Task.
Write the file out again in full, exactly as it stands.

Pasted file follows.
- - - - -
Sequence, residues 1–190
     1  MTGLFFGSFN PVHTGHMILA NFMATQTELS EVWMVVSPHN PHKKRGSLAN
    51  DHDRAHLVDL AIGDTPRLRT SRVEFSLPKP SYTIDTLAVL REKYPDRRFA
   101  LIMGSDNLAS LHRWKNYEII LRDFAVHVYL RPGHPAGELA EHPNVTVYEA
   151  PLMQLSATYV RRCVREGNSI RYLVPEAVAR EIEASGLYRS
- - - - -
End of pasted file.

Sequence, residues 1–190
     1  MTGLFFGSFN PVHTGHMILA NFMATQTELS EVWMVVSPHN PHKKRGSLAN
    51  DHDRAHLVDL AIGDTPRLRT SRVEFSLPKP SYTIDTLAVL REKYPDRRFA
   101  LIMGSDNLAS LHRWKNYEII LRDFAVHVYL RPGHPAGELA EHPNVTVYEA
   151  PLMQLSATYV RRCVREGNSI RYLVPEAVAR EIEASGLYRS